This Article is From May 19, 2015

Arun Jaitley Slams AAP, Says Delhi's 'Experiment With Them' Has Been 'Costly'

Arun Jaitley Slams AAP, Says Delhi's 'Experiment With Them' Has Been 'Costly'

Union Finance Minister Arun Jaitley (Press Trust of India photo)

New Delhi: Finance Minister Arun Jaiitley today called Delhi's "experiment" with Arvind Kejriwal's Aam Aadmi Party or AAP a "costly" one.

Speaking at a meeting of the Delhi unit of his party, the BJP, Mr Jaitley said, "The people of Delhi experimented with a new party in the elections, but its a very costly experiment. Governance is not AAP's political agenda."

Mr Jaitley said Delhi was not difficult to govern as it "doesn't face the kind of challenges other states do - like Chhattisgarh and Jammu and Kashmir." He said BJP-governed Madhya Pradesh was an example of how a state could be turned around.

"Delhi could have been turned into a global city, it has great opportunities in business, tourism etc," the country's Finance Minister said.

In state elections in February this year, the BJP was trounced by AAP, a two-year-old party built  by Arvind Kejriwal on an anti-corruption campaign. AAP won 67 of Delhi's 70 seats, leaving the BJP to mop up the remaining three. The Congress won not a single seat.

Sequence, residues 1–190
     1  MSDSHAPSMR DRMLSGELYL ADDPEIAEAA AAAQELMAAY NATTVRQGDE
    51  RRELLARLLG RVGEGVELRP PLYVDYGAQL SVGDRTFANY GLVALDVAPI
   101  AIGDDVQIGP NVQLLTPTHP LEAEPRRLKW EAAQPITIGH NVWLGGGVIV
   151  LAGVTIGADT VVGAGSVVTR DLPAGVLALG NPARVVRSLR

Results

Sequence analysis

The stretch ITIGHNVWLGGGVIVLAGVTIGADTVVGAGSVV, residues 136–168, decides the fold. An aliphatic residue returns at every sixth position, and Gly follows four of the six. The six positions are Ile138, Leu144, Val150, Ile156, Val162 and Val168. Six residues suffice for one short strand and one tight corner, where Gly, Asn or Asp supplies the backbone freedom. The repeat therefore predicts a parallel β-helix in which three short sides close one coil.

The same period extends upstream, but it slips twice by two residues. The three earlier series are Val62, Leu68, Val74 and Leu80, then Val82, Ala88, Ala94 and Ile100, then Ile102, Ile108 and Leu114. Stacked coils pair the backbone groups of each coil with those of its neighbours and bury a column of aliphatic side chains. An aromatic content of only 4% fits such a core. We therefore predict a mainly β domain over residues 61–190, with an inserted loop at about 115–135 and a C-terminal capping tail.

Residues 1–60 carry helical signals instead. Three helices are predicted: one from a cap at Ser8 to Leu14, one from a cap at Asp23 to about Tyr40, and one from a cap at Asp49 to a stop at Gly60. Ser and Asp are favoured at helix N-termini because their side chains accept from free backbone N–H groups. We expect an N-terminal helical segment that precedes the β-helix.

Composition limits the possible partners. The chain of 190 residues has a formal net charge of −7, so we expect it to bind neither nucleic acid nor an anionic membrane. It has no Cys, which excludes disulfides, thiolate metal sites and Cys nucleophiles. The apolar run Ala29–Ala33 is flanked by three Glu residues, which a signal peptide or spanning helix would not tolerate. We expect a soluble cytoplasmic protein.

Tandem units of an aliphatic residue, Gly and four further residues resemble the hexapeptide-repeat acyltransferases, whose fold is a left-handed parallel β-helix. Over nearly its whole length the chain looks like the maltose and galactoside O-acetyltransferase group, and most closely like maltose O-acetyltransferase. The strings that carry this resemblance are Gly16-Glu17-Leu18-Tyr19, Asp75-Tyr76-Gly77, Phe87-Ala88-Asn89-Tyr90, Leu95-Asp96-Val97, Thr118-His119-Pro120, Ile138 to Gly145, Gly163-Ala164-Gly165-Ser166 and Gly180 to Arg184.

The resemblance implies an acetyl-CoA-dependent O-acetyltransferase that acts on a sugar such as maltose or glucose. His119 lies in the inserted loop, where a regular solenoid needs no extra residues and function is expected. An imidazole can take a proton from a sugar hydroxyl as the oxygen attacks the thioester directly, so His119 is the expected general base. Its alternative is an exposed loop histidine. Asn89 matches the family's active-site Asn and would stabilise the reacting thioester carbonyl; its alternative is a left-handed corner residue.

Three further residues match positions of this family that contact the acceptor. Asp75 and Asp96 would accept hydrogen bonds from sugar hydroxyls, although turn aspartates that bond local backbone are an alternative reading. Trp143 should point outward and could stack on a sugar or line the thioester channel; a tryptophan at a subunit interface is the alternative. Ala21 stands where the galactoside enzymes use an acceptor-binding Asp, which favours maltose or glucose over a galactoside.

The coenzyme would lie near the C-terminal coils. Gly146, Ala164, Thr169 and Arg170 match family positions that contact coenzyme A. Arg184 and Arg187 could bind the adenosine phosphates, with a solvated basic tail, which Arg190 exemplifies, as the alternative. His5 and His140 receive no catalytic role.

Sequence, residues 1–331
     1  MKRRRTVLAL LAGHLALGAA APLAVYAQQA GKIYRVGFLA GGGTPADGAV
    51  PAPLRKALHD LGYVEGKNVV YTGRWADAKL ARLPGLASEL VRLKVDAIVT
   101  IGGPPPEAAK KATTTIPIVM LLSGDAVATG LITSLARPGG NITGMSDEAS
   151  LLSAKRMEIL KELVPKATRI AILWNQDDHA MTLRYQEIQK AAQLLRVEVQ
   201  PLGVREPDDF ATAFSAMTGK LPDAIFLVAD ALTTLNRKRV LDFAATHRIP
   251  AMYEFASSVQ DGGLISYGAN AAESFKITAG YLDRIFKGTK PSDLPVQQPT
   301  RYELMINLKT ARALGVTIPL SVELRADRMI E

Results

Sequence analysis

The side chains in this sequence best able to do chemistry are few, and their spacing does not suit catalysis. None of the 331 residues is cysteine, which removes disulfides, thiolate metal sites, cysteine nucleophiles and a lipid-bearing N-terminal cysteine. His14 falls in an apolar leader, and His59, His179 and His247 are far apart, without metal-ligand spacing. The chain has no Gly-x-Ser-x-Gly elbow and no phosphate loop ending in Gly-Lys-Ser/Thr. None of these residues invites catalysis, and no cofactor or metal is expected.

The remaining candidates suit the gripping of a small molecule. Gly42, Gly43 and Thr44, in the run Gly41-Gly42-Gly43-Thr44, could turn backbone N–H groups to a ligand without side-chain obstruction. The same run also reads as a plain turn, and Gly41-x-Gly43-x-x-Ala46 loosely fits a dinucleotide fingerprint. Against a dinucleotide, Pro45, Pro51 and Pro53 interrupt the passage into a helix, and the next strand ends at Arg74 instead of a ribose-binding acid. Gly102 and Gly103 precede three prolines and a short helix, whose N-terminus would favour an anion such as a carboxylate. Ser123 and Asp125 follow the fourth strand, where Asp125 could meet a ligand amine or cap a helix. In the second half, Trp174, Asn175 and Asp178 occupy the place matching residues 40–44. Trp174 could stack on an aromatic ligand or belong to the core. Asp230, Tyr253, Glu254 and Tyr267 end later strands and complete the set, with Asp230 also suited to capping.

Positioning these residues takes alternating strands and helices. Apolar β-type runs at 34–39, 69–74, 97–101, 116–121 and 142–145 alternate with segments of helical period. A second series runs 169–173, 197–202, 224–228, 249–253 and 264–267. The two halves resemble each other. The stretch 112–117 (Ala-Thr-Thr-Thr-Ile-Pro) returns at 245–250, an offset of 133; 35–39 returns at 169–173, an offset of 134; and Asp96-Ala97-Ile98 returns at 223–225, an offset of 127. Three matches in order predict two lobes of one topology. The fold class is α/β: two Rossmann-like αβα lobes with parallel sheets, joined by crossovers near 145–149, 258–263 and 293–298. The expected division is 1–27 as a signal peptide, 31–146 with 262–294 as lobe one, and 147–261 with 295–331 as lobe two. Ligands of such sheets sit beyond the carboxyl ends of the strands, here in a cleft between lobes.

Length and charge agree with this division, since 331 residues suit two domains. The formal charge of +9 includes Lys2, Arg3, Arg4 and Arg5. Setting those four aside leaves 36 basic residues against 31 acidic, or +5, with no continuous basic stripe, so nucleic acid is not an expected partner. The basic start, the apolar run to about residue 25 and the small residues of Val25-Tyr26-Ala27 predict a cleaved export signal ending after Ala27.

Mr Kejriwal took over as chief minister, but has spent his 100 odd days in office in constant tussle with the Centre, represented by Lieutenant Governor Najeeb Jung. The latest is a raging power struggle between the two men over the appointment of bureaucrats in Delhi.

Delhi does not have full statehood, which puts the control of many administrative functions, including law and order in the hands of the BJP-led Central government. Mr Kejriwal and his AAP have vowed to get full statehood for Delhi so that its elected government can have control.

Mr Jaitley said today, "AAP has such a huge mandate, they must understand their responsibility and that people want governance, not controversies and disputes. But if they can't, then it is also our responsibility to make them understand."